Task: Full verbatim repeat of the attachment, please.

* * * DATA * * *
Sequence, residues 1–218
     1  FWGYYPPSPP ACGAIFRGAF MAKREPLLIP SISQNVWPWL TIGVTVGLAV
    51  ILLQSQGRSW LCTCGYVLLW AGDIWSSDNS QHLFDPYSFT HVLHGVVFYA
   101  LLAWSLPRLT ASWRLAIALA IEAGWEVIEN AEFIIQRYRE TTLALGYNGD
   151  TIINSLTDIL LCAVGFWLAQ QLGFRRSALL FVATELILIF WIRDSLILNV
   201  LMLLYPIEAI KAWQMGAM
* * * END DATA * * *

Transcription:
Sequence, residues 1–218
     1  FWGYYPPSPP ACGAIFRGAF MAKREPLLIP SISQNVWPWL TIGVTVGLAV
    51  ILLQSQGRSW LCTCGYVLLW AGDIWSSDNS QHLFDPYSFT HVLHGVVFYA
   101  LLAWSLPRLT ASWRLAIALA IEAGWEVIEN AEFIIQRYRE TTLALGYNGD
   151  TIINSLTDIL LCAVGFWLAQ QLGFRRSALL FVATELILIF WIRDSLILNV
   201  LMLLYPIEAI KAWQMGAM